Dec 11, 2021
Intro to social proof
A few years ago, managers of a chain of restaurants in Beijing, China partnered with researchers to accomplish something decidedly profitable. They wanted to see if they could increase the purchase of certain menu items in a way that was effective yet costless. Their idea was to give the dish a certain label that would get customers to choose that item more frequently. Although they found a label that worked well, they were surprised it wasn’t what they thought would work previously, such as “Specialty of the house” or “Our chef’s recommendation for tonight.” Instead, the label that worked best was “most popular.” Sales of each dish with this label jumped from 13 to 20 percent. Quite simply, the dishes became more popular because of their popularity.
This anecdote illustrates another one of the 7 principles of persuasion from Robert Cialdini’s book Influence: The Psychology of Persuasion. The principle of social proof states that we determine what is correct by finding out what other people think is correct. As a result, advertisers love to inform us when a product is the “fastest growing” or “largest selling” because they don’t have to convince us directly that their product is good. They only need to show us that many others think so, which is a good enough shortcut for us to believe it too.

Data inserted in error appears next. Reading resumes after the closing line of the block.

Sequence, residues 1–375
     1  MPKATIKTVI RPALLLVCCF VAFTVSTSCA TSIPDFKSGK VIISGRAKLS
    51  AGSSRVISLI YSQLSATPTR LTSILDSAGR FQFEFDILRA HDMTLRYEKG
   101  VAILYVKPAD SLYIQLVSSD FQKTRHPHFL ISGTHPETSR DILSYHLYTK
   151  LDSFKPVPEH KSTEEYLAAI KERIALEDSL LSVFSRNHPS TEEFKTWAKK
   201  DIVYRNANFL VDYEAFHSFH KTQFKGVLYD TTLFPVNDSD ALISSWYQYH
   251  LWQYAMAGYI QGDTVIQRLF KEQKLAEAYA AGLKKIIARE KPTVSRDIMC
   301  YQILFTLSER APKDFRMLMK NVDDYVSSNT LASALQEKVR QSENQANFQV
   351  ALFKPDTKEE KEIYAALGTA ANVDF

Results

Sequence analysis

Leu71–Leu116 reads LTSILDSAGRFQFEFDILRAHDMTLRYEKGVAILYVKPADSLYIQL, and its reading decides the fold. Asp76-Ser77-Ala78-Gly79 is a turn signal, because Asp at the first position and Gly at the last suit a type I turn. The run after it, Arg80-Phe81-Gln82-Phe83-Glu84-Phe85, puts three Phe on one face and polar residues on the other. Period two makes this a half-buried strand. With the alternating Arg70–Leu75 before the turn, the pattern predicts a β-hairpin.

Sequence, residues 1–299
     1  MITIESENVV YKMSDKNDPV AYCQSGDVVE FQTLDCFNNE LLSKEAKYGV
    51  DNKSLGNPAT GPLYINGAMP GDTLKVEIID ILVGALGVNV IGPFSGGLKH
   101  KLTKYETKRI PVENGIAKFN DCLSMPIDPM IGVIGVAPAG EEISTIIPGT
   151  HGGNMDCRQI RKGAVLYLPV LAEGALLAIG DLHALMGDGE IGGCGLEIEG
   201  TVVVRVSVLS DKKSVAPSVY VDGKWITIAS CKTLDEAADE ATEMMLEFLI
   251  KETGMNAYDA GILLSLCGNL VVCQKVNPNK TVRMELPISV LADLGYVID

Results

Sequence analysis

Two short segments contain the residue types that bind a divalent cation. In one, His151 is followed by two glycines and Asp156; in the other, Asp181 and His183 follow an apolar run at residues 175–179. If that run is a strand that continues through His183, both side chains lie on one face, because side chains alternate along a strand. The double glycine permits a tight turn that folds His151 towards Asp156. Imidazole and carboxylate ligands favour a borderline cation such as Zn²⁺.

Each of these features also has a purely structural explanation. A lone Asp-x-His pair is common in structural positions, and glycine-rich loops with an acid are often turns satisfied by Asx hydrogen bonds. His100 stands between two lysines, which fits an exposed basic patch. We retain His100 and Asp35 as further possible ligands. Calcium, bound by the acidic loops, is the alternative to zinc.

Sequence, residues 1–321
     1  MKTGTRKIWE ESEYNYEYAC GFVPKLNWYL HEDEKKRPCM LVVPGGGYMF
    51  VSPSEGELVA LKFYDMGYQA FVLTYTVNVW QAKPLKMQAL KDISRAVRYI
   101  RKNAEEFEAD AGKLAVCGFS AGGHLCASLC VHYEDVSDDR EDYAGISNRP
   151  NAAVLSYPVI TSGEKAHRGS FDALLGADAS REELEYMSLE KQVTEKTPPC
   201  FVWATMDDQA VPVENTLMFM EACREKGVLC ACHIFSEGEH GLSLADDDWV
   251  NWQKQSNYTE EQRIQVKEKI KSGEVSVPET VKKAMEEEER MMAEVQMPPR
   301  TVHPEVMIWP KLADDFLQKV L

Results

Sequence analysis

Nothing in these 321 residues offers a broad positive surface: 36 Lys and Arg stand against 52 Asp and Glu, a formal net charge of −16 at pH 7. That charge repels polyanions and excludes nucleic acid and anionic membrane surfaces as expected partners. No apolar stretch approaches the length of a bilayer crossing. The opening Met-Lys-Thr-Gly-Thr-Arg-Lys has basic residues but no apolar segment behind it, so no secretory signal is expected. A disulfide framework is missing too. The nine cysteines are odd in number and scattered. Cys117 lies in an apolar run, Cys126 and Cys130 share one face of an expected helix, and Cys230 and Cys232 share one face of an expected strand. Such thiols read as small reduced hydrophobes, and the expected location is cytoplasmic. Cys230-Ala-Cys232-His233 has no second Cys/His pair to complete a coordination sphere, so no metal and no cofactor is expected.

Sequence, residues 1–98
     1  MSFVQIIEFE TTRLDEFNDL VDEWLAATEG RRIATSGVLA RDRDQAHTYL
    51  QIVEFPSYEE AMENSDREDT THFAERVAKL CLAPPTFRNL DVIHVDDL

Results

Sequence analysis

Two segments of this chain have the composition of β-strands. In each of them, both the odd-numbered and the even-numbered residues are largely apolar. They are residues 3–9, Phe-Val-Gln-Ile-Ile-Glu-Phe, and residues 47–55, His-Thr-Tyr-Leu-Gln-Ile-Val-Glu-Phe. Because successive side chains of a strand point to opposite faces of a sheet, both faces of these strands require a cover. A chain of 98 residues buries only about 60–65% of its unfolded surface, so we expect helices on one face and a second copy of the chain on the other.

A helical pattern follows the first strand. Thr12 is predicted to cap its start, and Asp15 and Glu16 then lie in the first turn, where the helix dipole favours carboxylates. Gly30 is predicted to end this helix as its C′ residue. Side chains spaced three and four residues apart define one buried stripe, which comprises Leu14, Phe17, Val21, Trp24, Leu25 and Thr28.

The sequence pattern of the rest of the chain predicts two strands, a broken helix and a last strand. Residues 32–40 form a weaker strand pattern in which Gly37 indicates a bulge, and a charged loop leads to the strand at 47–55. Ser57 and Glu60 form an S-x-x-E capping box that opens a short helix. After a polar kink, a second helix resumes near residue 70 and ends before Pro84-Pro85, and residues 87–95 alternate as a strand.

Certain nightclub owners manufacture a brand of visible social proof for their clubs’ quality by creating long waiting lines outside when there is plenty of room inside. Why are profiteers so ready to use social proof as a tactic? Sales and motivation consultant Cavett Robert captured the principle nicely in his advice to sales trainees: “Since 95 percent of the people are imitators and only 5 percent initiators, people are persuaded more by the actions of others than by any proof we can offer.” There are examples of this everywhere.
A Toyota dealership in Tulsa, Oklahoma was faced with the challenge of finding quality sales talent for their staff. They decided to run an ad on the radio that focused on the great demand for their vehicles, how many people were buying them, and, consequently, how they needed to expand their sales force to keep up. As they had hoped, they saw a significant jump in the number of applications to their sales team. Surprisingly, the biggest effect they saw however was an increase in customer floor traffic, an increase in sales in both the new and used vehicle departments, and a noticeable difference in the attitudes of customers. The unintended effect of expressing the demand they were experiencing to find more sales people caused more customers to want to buy from them.
The greater the number of people who find any idea correct, the more a given individual will perceive the idea to be correct. The principle of social proof says so. But there are certain conditions that can enhance this behavior. The optimizing conditions for social proof are when we are unsure of what is best to do (uncertainty); when the evidence of what is best to do comes from numerous others (the many); and when that evidence comes from people like us (similarity). I will discuss each of these optimizations in more detail in a future post.